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My Nantucket Grandmothers

There is a song or poem, titled The Nantucket Girl’s Song that was written in the 19th century by one or another woman traveling in the south Pacific on a ship.  The poem appears in the back of a journal kept by Eliza Brock as she experienced life on the Lexington on a whaling voyage from May 1853 to June 1856.  She accompanied her husband Peter Brock who was master of the Lexington, out of Nantucket.  It isn’t certain who wrote the poem but it is transcribed into the journal with the name Martha Ford appended to it.  Martha Ford was the wife of a physician in New Zealand.  I first saw a part of the poem in an exhibit at the Nantucket Historical Society’s museum and it spoke to me.  A friend with wonderful creative skills made me a watercolor map of Nantucket with the portion of the poem inscribed over the island.

The portion reads:

“Then I’ll haste to wed a sailor, and send him off to sea,
For a life of independence is the pleasant life for me,
But every now and then I shall like to see his face,
For it always seemes to me to beam with manly grace,
With his brow so nobly open, and his dark and kindly eye,
Oh my heart beats fondly towards him whenever he is nigh,
But when he says Goodbye my love, I’m off across the sea
First I cry for his departure, then laugh because I’m free”

The independent spirit of women on the small spit of land that is Nantucket Island tells me about the some of the women who were my ancestors.  Three or maybe four of the women born on Nantucket migrated to the southwestern Ohio area just after Ohio became a state – two of my g-g-g grandmothers and two of my g-g-g-g grandmothers.  Two came with husbands and families (or maybe only one: the second one died in 1815 and either on Nantucket or in Ohio), one came as a young girl and the other came as a widow with several children, including her youngest son who was about 8 years old.  Although all had been members of the Society of Friends on Nantucket only some transferred that religion to Ohio.

My g-g-g-g grandmother, Sarah (Sally) Folger Coffin (1761-1822) was the wife of Isaiah Coffin (1757-1813).  She left Nantucket about a year after her husband’s death and migrated west to Cincinnati where 2 or 3 of her oldest sons and a number of other friends and relatives from Nantucket had already settled.  She was issued a certificate from the Nantucket Monthy Meeting of the Society of Friends in April 1814 and received into the Miami Monthly Meeting in August 1814.  Sarah and 3 children (Reuben, Eliza, and Christopher Folger) were received.  The records show that on the same date, and based on a certificate with the same April date, her son Benjamin along with his wife and 3 children were also received in the Miami Meeting.  The records become a little confusing though, since there is also another line showing Sarah Coffin and daughter Elizabeth, and Sarah Barnard Coffin also being received on a certificate with that April 1814 date.  Is this my Sarah and a daughter whose name doesn’t match any of the children I know about, or a different one?  And who is Sarah Barnard Coffin?  These questions are my latest Bright Shiny Object to chase – probably not related to me but intriguing nonetheless.  To be continued.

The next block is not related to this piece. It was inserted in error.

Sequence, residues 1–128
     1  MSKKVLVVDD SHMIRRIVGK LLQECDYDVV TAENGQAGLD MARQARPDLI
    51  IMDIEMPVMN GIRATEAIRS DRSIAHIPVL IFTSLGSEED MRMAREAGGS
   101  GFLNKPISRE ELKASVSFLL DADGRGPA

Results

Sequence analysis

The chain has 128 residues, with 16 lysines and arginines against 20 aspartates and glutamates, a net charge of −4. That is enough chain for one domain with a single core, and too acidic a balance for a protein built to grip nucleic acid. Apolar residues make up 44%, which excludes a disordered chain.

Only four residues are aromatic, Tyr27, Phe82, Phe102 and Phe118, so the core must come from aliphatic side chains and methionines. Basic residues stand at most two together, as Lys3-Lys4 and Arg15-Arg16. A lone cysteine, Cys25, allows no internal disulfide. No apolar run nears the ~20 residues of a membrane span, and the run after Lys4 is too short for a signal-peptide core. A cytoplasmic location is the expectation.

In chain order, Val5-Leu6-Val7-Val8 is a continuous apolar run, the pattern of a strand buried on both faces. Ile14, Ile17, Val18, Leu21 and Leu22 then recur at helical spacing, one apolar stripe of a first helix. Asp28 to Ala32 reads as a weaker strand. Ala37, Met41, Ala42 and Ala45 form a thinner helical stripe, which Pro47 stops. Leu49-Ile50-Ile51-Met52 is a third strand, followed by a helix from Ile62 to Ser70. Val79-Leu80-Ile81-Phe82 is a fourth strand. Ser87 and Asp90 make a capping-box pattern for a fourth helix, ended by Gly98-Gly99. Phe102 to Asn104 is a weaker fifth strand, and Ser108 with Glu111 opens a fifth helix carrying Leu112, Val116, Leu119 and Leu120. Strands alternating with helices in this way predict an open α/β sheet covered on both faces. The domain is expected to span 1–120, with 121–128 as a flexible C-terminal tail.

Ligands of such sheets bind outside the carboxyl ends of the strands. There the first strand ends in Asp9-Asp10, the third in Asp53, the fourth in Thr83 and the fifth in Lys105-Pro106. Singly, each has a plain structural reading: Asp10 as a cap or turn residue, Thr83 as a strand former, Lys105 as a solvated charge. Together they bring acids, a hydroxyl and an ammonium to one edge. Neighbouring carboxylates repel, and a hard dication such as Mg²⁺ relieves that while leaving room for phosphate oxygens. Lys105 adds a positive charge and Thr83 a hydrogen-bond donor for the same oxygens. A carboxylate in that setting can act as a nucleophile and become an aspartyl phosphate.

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January Genealogy To-Do

new-year-2008-5_thumb.jpgWelcome in 2016!  It is going to be a great year for genealogy, I am determined.  I have a couple of large goals, the first being to finally connect the English Denman family “dots” to learn who the parents of my emigrant ancestor, William Denman, were.  I hope knowing more surely who his parents were will help connect that family with the other Denman lines in Sussex and tell me just how I am related to two present-day Denman cousins.  This was a goal for 2015 and I failed to reach it, although not for lack of trying.  The evidence that is needed is difficult to come by, and some of the primary evidence may not exist at this point.  In service of this quest, I did start the process of convincing a male Denman cousin to do a yDNA test; unfortunately he has a lot of more important life stuff to deal with currently and I’m not sure he will agree.

My related goal is to acquire the will for William Boorman, father of my emigrant ancestor, Ann Boorman Denman.  I will transcribe it for myself, however I seem to remember a Boorman researcher noting that William mentioned his daughter Ann Denman who had migrated to America.

Organizing is always on my list of goals and this coming year is no different.  I will continue to chip away at re-naming files and Evernote notes in a consistent way that seems useful (last name, first name, date and event).